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Front Page » April 29, 2003 » Opinion » Lawmakers job to protect us from them and ourselves
Published 4,165 days ago

Lawmakers job to protect us from them and ourselves


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By RICHARD SHAW
Staff reporter

The standard refrain from many taxpayers and citizens over the years has been that our state legislature spends a lot of time passing laws that protect us from ourselves.

Last Thursday, I heard a bit of a twist on that saying when I attended the Carbon County Chamber of Commerce meeting. Brad King, from state house district 69, which includes about 70 percent of the citizens in Carbon County, was the guest speaker and he made a statement I hadn't thought about before.

"People at the legislature like to boast about how many bills they introduce in each session," he told the group. "Personally, I don't introduce many bills, because I think that is actually a negative. I think it is more important to keep bills others have introduced that will harm us from being enacted than it is to introduce new legislation."

That made me think pretty hard about our place, as a county, in this state. We are a small rural place compared to the large metropolis on the other side of the mountain. Most of us know full well that the only time the lawmakers over there really think of us is when it comes to having a place to get gas and eat when they are on their way to Moab or when the coal and gas royalties come into play. Their attitudes about this place are really more a result of ignorance and indifference than it is one of "trying to get Carbon County."

The idea that the rest of the state is out to do something to us is a familiar theme for local folks, and I hate to burst their balloon, but those on the other side of the mountain usually do not consider us one way or the other because they are not thinking of us. It's not because they have something against us. King reinforced that notion in remarks he made later in his presentation.

"Often a bill will be introduced and we (meaning he and State Senator Mike Dmitrich, who is also from the area) will say 'Do you realize how that will affect us?'" stated King. "When they realize what it might do to us they generally try to mitigate those negatives. For the most part they don't go after us for any specific reason, they either just forget about how laws will affect rural Utah or don't realize the ways in which it could harm us."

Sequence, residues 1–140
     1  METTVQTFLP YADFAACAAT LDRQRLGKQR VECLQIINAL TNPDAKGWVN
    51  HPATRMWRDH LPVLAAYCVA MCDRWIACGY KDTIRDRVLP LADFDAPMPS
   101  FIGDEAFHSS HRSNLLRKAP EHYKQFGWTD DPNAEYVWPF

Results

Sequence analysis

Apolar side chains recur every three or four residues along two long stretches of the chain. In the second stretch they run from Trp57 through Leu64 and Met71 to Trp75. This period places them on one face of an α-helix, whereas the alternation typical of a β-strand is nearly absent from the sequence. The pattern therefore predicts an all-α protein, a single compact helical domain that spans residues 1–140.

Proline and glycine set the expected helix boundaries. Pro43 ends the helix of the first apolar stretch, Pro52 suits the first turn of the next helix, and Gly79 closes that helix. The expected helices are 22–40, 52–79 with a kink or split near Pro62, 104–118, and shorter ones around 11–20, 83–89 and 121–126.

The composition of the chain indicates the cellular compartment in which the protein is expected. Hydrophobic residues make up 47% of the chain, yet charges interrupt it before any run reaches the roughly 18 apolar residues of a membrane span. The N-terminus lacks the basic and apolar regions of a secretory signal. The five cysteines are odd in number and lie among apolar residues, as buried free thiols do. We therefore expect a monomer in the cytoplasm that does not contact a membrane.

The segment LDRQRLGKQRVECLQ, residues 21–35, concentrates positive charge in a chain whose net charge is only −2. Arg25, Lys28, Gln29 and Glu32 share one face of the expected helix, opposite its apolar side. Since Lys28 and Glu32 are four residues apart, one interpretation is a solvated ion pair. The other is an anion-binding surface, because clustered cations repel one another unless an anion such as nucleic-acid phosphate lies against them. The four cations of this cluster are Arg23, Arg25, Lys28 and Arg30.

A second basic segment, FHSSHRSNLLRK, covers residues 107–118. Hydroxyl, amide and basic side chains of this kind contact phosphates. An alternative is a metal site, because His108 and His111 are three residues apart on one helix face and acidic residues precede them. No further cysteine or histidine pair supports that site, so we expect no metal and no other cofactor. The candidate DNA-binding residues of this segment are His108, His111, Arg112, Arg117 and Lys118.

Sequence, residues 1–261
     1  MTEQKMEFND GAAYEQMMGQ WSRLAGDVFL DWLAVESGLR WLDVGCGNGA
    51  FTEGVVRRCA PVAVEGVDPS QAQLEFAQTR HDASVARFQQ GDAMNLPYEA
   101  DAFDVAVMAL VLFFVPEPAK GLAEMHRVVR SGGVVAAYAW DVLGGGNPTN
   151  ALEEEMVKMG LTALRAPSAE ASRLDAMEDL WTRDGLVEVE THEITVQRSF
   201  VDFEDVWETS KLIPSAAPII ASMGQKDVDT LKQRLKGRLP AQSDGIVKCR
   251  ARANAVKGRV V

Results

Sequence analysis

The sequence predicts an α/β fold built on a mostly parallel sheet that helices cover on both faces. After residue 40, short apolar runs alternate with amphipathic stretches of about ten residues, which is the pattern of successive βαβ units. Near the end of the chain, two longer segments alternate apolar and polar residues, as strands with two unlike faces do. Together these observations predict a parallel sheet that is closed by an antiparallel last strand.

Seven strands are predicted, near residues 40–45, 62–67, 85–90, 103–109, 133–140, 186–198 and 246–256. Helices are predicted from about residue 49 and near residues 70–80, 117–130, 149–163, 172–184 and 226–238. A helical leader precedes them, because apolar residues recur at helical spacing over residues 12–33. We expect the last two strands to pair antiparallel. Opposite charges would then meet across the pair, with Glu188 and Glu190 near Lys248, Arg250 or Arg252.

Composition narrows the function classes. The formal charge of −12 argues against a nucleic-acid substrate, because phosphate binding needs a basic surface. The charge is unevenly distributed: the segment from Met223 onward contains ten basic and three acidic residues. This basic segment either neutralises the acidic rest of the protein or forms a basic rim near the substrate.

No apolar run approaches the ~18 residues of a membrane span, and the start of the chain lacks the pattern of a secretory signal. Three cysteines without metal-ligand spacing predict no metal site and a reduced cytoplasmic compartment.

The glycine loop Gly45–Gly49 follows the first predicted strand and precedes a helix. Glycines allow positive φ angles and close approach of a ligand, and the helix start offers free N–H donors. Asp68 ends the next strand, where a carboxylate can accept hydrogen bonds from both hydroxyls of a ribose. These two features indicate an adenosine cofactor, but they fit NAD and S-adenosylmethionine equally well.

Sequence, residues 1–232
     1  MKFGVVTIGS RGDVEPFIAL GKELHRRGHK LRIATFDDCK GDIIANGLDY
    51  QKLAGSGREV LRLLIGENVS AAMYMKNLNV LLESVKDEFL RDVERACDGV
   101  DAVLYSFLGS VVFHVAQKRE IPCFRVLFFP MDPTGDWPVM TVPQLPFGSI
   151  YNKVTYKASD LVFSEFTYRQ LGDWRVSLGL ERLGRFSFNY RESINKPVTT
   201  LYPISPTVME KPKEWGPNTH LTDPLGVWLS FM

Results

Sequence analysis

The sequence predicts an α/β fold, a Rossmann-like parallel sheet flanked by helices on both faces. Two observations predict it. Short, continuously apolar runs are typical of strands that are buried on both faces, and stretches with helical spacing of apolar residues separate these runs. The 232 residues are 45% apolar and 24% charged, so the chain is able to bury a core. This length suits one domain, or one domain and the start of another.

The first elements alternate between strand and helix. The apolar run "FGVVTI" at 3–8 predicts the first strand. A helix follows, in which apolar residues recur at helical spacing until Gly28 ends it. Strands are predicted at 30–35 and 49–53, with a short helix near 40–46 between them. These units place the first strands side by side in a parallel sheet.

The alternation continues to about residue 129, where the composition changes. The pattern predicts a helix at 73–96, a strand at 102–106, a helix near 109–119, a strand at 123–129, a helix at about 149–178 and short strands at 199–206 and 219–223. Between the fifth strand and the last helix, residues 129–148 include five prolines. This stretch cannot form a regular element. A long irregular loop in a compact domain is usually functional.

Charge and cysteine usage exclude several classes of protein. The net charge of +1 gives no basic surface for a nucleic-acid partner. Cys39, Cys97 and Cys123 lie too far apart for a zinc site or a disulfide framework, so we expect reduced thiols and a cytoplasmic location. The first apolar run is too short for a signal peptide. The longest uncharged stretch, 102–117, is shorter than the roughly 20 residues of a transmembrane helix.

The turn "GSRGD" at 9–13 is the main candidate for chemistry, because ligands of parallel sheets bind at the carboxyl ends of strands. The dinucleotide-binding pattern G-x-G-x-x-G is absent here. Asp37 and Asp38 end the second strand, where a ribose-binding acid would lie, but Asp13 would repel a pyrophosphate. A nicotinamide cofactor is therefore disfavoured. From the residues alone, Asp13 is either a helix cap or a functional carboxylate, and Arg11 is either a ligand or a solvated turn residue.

In a sense, Carbon Counties position in the state is a lot like a little brother in a big family. There is limited income in the family, and the parent's time and money has to be divided between the many children that exist there. That means little brothers don't get everything they think they deserve and often seem to get short changed when it comes to consideration on many matters of family and personal business.

However, there are advantages to being a little brother as well, especially one that is as unique as Carbon County is. We do have our own set of problems, but few of them pertain to pollution, urban sprawl and heavy traffic volume on our city streets. We don't have a murder a day taking place, in fact if we get more than a couple a year, that's a lot. While this state is a pretty good place to live overall, our little neck of the woods is better than the average for Utah in many ways.

It's easy for little brothers to get complexes about older siblings and to wish they had more of the perks that growth brings.

But as a little brother in this family of 29 counties, we should always remember that sometimes when you wish for something, you may get exactly what you wanted plus some things you don't.


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April 29, 2003
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